The only pieces of furniture in the room were two straight-backed chairs. There were two floor lamps with pleated-silk shades, one in each half of the room, and they throbbed like the lights in the hallway and in Room 6. One of the Kens, a blond hunk with chiseled features, sat in a chair, holding a cattle prod across his lap. He wore a sweater that depicted Kermit the Frog in a Santa hat, overlaid with a shoulder holster and pistol.


“Contumax,” I said, pumping my fist in the air.


The other Ken, who wore a Rudolph sweater and also had a gun in a shoulder rig, stood at the window, on the farther side of the large room, watching the preparations for the festivities. He resembled the actor Hugh Grant if Hugh Grant were like three times better-looking than he’d been in his prime. If the two Kens had been close together, I would have been sure of dropping them without taking return fire, but this situation made me nervous. Besides, I didn’t want to shoot at a guy standing by the window, in case I blew out one of the panes and alerted the people on the deck below.


Ken #2 answered my “Contumax” with “Potestas” and a lame fist pump, but Ken #1 just wanted to know when the fornicating action was going to fornicating begin, though the word he used wasn’t fornicating. I said that my name was Lucius and I was from Arizona. Indicating my weaponry, I said that I was part of the show tonight, that I was a friend of Jinx’s, and that we were looking for her, because the action couldn’t begin without her. Ken #2 said that Jinx was probably outside somewhere, getting it on with one of the Dobermans, and Ken #1 said he couldn’t wait to see the show that witchy bitch was going to put on, she was always over the top, whereupon Ken #2 said Jinx had superdelicious mammaries, with megabounce, though he didn’t use the word mammaries. Ken #1 said that he liked her mammaries and her cool black fingernails but that the yellow contact lenses were just vampire-movie stupid, and Ken #2 agreed that the contacts were stupid and said that the only mammaries more superdelicious than Jinx’s were Nedra’s, to which Ken #1 replied that he shouldn’t have eaten those fornicating wasabi shrimp because now he had fornicating heartburn, by which time I realized that even head-collecting satanists who performed human sacrifices and who lived without rules could be dull conversationalists.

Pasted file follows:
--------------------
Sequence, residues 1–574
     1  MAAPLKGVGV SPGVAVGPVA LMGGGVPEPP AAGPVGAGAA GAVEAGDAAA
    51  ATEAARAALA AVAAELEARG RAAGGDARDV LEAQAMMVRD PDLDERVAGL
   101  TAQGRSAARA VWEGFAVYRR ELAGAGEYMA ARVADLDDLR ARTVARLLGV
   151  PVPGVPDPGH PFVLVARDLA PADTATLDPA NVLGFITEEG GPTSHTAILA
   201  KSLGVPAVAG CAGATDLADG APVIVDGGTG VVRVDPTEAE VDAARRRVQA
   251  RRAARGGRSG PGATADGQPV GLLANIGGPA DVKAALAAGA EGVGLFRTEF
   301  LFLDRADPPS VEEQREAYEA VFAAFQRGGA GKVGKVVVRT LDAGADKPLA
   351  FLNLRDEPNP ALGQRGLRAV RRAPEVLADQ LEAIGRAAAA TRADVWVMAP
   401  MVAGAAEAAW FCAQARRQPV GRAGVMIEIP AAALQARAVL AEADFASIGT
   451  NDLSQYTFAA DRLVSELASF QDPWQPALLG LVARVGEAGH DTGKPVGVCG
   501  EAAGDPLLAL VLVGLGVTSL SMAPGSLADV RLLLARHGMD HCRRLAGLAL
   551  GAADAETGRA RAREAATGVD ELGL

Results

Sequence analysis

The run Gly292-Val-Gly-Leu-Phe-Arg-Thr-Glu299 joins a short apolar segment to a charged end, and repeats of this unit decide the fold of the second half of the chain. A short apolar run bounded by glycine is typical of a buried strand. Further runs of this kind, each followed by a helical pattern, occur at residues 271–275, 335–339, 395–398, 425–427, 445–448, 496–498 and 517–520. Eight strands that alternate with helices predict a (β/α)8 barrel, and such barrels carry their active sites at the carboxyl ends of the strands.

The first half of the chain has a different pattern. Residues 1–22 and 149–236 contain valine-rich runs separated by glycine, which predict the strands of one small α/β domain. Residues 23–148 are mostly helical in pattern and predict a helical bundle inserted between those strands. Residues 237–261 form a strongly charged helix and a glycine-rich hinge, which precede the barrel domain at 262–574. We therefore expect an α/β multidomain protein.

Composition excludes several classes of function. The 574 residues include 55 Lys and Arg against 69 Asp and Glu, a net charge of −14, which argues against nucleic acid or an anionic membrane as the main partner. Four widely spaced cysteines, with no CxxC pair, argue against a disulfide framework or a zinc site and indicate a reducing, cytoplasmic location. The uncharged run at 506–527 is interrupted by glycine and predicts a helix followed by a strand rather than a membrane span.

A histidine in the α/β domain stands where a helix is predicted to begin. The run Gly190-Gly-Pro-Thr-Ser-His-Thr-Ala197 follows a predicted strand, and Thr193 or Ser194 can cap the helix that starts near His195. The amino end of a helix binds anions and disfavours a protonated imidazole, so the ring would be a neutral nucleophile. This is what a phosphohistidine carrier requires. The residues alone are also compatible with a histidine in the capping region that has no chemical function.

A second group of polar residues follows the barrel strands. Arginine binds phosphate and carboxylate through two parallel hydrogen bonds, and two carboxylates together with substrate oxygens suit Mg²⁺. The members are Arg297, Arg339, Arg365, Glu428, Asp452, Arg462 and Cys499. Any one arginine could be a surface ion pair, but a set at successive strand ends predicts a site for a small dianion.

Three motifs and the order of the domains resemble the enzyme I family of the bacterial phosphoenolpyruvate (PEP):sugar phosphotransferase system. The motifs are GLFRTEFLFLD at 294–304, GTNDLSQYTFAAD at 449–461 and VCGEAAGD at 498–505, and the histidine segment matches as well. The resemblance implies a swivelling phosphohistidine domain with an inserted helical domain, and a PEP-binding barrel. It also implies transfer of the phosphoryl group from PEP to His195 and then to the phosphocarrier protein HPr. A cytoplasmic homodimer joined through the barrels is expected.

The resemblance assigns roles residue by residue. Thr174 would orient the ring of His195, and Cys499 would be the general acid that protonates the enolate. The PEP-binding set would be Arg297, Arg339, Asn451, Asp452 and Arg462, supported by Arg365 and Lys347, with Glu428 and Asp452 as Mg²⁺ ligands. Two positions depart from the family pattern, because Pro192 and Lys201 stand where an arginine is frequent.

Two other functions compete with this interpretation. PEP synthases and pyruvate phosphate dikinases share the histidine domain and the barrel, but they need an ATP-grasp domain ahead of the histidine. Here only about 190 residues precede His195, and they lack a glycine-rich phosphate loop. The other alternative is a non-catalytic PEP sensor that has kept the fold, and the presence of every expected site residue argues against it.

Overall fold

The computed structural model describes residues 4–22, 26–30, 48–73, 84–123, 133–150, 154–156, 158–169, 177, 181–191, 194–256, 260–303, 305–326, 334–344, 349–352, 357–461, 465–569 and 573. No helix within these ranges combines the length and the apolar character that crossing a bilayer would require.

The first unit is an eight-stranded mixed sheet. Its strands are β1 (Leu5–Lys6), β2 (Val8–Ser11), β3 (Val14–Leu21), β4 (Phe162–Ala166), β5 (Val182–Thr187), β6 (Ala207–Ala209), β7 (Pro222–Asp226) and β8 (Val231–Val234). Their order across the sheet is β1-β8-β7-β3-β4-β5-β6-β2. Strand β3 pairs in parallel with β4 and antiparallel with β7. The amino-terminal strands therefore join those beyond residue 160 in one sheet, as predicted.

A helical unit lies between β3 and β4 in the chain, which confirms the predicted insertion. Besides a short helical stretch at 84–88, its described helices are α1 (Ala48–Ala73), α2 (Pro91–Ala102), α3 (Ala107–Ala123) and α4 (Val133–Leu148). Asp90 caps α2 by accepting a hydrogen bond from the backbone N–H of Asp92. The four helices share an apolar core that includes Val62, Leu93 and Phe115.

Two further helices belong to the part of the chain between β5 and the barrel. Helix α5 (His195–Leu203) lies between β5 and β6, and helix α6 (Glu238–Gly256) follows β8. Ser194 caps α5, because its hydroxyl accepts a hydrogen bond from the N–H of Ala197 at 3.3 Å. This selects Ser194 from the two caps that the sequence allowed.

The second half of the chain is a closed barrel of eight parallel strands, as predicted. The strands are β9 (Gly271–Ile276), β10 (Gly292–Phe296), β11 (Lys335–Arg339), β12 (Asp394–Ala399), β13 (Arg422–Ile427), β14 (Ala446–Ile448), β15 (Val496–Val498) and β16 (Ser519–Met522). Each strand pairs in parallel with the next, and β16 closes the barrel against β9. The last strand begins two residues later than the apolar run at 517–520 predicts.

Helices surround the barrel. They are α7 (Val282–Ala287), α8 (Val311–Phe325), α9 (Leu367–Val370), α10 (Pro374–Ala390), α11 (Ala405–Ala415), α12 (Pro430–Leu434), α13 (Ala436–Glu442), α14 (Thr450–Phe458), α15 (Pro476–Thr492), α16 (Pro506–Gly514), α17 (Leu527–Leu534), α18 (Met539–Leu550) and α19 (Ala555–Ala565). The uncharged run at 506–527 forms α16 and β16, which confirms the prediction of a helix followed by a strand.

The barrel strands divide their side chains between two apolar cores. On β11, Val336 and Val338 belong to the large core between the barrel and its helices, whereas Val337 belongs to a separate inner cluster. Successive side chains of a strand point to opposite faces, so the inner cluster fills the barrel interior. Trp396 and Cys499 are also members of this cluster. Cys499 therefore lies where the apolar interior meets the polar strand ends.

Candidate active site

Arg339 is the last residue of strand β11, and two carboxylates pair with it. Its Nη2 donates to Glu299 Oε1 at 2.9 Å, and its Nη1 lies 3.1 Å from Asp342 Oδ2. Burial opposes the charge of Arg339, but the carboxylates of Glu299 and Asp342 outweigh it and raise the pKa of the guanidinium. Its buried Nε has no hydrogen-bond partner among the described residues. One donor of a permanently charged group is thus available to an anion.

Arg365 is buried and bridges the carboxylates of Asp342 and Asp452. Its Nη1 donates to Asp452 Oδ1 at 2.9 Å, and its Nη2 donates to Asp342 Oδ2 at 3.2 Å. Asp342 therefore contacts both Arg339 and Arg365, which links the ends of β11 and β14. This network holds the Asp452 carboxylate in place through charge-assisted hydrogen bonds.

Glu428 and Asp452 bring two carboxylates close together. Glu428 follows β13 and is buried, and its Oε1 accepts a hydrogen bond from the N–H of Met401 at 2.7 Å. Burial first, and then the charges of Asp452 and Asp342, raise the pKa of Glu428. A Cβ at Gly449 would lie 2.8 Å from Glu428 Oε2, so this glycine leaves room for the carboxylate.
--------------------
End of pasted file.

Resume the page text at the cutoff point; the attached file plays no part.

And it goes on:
The captives sat on the floor, in a large semicircle, the three Payton children among them, all ten years old or younger, eight boys and nine girls. Some were numb with terror, some twitchy, and others appeared to be emotionally drained, exhausted. They must have cried themselves dry. Two had a sullen and defiant attitude; they might have resisted or tried to flee and been badly hurt, except that each of the seventeen was firmly linked to the next, wrist to wrist, with eighteen-inch lengths of tightly knotted red-satin ribbon, and this chain-gang arrangement hampered them.


The lights stopped pulsing. Whatever presence had disturbed the night by its approach had fully arrived, and the night had adjusted to it.


Annoyed with me even though I had been entirely cordial, Ken #1 said, “Listen, man, I’ll tell you what I told the others who’ve come sniffing around. We can’t let you take one of these [fornicating] little muffins into the [fornicating] bathroom for a taste. They have to be pure … for later. Besides, they’ve all just had a piss before we tied them, and now we can’t untie any ’cause soon, when we hear the gong, we have to lead them out to the [fornicating] stage.”


“Her or him,” Ken #2 said.


Ken #1 said, “What?”


“Her or him,” Ken #2 repeated. “We can’t let Lucius here get it on with one of the girls or one of the boys.”


“Man, that’s exactly just what I said,” Ken #1 declared, further annoyed.


“No, what you told him was that we can’t let him take her into the bathroom for a taste.”


After a few words of blasphemy, Ken #1 said, “Him was implied when I said her.”


“Maybe you implied it, but maybe he didn’t infer it.”


“What the hell’s that mean?” Ken #1 asked. “When I said ‘taste,’ I didn’t mean taste, either, but Lucius knew what I was implying.” He looked up at me. “Didn’t you [fornicating] know what I was implying?”


“Absolutely. But that’s not what I came here for.”


Ken #1’s sneer was sharp enough to peel an apple. “Yeah, right.”


“No, really. Rob sent me up here to do something.”


“Rob who? There’s ninety people here tonight, and I know like three Robs. There’s at least twenty people I haven’t met before, and for all I know every [fornicating] one of them is Rob.”


Ken #2 said, “Except Rob Cornell is actually Robert, but he just doesn’t like Bob, so he calls himself Rob.”


Before Ken #1 could employ his profane vocabulary even more colorfully than before, I said to the Ken at the window, “I’ll need your help with this.”